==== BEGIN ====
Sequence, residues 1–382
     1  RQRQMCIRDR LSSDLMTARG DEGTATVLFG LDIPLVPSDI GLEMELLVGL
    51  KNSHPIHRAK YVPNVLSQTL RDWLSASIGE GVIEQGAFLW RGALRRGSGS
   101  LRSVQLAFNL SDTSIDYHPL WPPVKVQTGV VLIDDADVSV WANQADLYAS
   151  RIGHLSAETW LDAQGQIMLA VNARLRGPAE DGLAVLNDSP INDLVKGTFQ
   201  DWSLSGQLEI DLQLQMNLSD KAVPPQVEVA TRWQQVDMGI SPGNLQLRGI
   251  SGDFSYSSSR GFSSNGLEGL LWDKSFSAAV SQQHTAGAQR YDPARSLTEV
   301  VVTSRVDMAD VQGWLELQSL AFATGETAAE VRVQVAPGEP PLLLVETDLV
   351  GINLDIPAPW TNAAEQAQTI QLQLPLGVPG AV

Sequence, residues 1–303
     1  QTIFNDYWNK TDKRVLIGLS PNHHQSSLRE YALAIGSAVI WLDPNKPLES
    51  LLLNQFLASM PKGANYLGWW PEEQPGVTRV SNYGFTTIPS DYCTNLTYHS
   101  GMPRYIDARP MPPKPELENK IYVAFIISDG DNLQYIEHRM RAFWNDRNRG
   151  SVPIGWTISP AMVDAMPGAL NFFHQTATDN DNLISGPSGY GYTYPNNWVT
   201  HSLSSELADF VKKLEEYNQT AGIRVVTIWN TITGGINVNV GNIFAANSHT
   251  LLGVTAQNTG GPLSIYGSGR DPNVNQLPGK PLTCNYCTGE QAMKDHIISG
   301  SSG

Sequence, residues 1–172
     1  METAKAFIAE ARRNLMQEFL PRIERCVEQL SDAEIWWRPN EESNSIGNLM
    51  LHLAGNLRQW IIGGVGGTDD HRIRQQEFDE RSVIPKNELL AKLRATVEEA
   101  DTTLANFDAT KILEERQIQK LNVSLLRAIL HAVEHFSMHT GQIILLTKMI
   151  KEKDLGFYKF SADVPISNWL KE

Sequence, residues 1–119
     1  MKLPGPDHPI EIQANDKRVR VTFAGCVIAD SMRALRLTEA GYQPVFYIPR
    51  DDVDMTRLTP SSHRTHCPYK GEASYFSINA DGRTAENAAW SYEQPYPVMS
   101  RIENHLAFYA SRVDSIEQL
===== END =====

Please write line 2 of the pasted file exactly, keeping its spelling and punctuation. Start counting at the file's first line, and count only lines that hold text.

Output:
     1  RQRQMCIRDR LSSDLMTARG DEGTATVLFG LDIPLVPSDI GLEMELLVGL